Yosemite National Park Rangers are making quite the call to hikers: keep your gaze down and be on the lookout for bear poop! But this is no mere gross-out challenge – it’s a way to uncover crucial insights into the park’s wildlife.
In a recent social media update, the Rangers dived into how a bear’s dining habits can leave a trail of evidence in its droppings, and these habits evolve over the seasons. Summertime? That’s when these bears scarf down treats like fruits, seeds, and even bones, which don’t break down completely, resulting in larger, more fluid deposits.
But come fall, it’s like the bears enter a food frenzy – a phase aptly named hyperphagia. They munch down a jaw-dropping 20,000 calories daily, building up those essential fats to endure hibernation. To put it into perspective, that’s gobbling up about 11 pounds of acorns or a mind-boggling 100 pounds of berries each day.
“Hey, if you spot any bear scat, don’t just step over it. Uncover the story it’s trying to tell!” The rallying cry from Yosemite’s Rangers encourages hikers to give a thorough once-over to these animal signs.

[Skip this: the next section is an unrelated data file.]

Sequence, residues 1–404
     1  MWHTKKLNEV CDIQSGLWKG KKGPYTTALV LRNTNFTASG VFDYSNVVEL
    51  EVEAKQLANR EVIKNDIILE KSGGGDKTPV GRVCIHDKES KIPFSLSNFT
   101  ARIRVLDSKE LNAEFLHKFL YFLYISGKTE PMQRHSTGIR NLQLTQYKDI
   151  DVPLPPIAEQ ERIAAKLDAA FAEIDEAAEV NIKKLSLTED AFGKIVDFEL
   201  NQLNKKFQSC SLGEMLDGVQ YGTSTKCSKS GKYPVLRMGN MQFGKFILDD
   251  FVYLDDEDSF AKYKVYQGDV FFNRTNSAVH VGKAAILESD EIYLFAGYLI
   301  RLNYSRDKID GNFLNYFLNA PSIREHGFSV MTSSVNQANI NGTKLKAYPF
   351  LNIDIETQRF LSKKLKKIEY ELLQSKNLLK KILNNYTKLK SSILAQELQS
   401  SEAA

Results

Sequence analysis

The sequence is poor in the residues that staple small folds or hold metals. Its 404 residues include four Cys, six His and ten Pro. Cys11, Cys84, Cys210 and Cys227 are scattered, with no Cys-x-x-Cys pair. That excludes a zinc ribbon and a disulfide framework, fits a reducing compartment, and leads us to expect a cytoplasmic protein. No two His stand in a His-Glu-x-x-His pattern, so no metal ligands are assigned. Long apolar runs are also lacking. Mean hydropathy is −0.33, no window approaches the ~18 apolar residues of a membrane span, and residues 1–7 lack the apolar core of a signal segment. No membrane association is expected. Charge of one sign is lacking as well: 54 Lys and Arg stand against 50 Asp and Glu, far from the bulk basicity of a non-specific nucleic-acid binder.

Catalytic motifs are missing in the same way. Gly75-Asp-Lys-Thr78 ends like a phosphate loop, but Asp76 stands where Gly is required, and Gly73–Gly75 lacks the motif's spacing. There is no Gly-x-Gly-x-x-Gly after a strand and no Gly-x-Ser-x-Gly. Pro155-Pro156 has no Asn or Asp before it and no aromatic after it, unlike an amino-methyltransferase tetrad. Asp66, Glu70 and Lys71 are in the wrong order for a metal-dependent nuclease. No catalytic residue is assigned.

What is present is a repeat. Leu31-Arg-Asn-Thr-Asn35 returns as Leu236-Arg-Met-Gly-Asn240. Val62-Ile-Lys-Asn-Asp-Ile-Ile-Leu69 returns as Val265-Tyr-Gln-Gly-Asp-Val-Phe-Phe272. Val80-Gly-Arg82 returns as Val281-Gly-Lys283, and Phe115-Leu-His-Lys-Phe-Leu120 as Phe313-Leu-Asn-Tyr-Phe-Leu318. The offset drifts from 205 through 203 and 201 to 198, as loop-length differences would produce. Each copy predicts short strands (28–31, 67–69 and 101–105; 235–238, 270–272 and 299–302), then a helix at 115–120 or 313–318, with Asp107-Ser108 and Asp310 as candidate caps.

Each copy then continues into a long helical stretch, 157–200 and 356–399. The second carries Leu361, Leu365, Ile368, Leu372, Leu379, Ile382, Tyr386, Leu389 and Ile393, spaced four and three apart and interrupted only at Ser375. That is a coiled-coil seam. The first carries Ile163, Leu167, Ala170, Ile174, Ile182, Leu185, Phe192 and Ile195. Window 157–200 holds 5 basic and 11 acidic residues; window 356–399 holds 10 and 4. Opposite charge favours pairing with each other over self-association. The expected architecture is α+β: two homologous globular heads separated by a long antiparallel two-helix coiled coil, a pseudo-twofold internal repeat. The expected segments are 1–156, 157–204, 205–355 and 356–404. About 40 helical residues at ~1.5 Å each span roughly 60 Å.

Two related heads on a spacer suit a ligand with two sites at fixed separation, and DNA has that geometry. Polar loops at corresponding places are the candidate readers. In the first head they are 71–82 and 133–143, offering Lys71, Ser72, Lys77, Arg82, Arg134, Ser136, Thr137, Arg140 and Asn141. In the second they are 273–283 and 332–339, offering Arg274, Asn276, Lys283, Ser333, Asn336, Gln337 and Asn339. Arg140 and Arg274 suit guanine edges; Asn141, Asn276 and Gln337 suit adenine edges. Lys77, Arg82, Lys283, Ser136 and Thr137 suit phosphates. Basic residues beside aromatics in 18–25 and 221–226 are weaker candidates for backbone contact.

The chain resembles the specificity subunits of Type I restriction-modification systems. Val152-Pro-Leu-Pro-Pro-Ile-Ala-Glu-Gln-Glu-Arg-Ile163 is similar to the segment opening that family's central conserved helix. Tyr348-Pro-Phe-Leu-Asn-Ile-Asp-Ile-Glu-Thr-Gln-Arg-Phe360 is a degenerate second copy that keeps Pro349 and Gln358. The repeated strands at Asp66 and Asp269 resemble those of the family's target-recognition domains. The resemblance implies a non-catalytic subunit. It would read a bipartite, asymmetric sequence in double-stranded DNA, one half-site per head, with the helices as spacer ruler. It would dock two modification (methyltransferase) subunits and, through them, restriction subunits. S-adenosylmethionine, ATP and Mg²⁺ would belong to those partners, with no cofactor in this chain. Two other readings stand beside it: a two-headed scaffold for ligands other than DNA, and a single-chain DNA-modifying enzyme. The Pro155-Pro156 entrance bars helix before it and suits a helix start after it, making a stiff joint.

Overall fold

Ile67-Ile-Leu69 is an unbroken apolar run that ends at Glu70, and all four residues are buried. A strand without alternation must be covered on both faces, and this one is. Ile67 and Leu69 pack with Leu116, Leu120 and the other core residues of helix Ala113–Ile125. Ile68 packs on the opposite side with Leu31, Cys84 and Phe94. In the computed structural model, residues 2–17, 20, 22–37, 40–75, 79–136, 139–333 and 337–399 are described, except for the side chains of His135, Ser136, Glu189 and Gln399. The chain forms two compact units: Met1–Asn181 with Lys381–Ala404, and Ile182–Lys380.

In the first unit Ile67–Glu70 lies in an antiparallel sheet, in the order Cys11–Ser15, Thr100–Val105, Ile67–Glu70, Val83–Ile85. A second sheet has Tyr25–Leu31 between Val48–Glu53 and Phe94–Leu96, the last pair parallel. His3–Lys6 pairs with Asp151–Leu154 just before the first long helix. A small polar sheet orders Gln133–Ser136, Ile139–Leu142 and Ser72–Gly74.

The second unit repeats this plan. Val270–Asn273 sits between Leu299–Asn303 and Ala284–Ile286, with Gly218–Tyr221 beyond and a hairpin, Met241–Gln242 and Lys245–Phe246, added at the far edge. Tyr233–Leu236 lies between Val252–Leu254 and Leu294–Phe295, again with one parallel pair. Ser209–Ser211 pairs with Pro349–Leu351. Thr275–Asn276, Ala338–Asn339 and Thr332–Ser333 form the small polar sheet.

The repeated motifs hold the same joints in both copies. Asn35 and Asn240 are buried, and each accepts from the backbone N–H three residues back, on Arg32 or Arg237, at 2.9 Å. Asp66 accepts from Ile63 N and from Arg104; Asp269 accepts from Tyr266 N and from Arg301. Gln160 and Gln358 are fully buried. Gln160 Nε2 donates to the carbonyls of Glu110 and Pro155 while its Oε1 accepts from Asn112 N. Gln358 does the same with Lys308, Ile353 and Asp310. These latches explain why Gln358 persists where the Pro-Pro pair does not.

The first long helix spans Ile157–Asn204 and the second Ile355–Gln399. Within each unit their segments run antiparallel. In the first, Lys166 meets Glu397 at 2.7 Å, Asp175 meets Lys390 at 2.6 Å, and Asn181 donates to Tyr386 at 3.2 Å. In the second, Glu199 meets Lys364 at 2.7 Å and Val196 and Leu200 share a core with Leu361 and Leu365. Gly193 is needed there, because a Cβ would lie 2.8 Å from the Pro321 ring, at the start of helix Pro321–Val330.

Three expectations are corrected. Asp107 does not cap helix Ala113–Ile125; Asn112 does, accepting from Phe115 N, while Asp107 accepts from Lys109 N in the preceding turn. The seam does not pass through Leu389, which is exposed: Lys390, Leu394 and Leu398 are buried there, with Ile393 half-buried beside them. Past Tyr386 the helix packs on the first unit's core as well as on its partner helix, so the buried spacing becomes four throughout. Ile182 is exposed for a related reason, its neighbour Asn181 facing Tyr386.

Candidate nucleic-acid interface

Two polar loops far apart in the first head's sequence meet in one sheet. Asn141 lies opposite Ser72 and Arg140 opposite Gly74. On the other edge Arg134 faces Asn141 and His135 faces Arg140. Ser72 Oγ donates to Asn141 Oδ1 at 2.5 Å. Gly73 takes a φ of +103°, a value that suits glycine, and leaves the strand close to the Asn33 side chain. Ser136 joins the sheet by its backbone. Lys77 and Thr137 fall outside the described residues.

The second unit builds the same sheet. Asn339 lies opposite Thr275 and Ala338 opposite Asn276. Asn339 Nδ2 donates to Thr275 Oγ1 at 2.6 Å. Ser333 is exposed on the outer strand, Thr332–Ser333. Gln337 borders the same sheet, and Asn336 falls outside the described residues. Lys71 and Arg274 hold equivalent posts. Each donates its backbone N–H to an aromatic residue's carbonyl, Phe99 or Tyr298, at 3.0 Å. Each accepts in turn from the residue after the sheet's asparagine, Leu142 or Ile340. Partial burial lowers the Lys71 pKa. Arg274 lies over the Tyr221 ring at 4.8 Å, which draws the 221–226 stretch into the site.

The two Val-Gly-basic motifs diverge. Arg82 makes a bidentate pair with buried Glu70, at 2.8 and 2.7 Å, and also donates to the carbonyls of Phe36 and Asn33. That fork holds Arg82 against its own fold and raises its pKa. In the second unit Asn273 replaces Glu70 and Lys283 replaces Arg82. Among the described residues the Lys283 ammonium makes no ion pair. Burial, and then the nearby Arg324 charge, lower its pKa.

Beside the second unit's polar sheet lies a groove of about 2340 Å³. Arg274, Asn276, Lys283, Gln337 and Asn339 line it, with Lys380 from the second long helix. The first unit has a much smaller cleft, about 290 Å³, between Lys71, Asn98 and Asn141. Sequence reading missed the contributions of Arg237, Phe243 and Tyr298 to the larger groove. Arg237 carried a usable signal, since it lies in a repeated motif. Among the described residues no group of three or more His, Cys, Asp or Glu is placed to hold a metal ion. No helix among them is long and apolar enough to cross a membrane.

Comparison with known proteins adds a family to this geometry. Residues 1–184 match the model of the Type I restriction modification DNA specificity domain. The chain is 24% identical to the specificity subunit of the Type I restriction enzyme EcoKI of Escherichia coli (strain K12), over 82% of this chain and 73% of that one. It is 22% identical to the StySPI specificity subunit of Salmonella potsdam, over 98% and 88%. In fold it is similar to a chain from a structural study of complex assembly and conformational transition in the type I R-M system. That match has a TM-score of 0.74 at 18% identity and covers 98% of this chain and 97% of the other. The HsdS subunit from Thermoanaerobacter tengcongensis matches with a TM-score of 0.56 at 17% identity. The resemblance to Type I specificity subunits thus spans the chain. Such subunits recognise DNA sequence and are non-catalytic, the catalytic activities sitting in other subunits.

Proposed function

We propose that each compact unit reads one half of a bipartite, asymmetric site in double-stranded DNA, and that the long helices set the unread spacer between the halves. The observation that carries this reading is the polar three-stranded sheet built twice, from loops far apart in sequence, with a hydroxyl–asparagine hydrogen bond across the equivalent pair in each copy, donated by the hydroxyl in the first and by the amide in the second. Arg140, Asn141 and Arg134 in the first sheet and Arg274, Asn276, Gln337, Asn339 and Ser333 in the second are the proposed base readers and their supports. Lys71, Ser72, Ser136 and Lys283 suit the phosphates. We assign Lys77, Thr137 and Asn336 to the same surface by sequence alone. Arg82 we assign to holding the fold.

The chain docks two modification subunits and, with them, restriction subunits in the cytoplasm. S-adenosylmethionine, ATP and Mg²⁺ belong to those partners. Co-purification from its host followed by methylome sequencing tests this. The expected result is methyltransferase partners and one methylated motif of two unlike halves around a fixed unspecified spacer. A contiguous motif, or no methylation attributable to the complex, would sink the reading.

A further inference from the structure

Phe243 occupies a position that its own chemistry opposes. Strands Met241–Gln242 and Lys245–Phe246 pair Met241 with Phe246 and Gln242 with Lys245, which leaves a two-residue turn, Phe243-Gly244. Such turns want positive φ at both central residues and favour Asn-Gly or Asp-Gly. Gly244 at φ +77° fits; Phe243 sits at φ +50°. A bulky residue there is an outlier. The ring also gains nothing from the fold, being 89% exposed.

The North American Bear Center (NABC) adds more insight: if the bears have been nibbling on nuts, fruits, acorns, or greens, their scat won’t make you scrunch up your nose. Fresh piles of bear business? That’s like nature’s way of saying, “Guess who was here recently?”
Looking for more clues? Keep an eye out for their distinct five-toed footprints, especially visible on softer terrain. But these gentle giants don’t stop there – they also leave their marks by giving trees a gentle rub or a not-so-subtle claw-and-bite combo, especially during the love season.
“The marks they make are like tattoos on trees. The bites? Well, they’re like Morse code messages,” explains the NABC. “Look for near-horizontal marks, like a dot and a dash, where their upper and lower teeth meet.”
So, next time you’re wandering the breathtaking landscapes of Yosemite, remember, there’s more to be found than just awe-inspiring views. Bears are leaving their “business cards,” and by paying attention, you’re unlocking nature’s fascinating secrets.